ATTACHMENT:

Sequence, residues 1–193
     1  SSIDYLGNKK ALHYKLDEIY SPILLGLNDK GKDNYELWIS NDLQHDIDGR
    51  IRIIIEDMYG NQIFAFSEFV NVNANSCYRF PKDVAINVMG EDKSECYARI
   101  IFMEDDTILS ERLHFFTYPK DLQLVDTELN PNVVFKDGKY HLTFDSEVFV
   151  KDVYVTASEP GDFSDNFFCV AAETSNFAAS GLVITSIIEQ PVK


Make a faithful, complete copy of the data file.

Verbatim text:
Sequence, residues 1–193
     1  SSIDYLGNKK ALHYKLDEIY SPILLGLNDK GKDNYELWIS NDLQHDIDGR
    51  IRIIIEDMYG NQIFAFSEFV NVNANSCYRF PKDVAINVMG EDKSECYARI
   101  IFMEDDTILS ERLHFFTYPK DLQLVDTELN PNVVFKDGKY HLTFDSEVFV
   151  KDVYVTASEP GDFSDNFFCV AAETSNFAAS GLVITSIIEQ PVK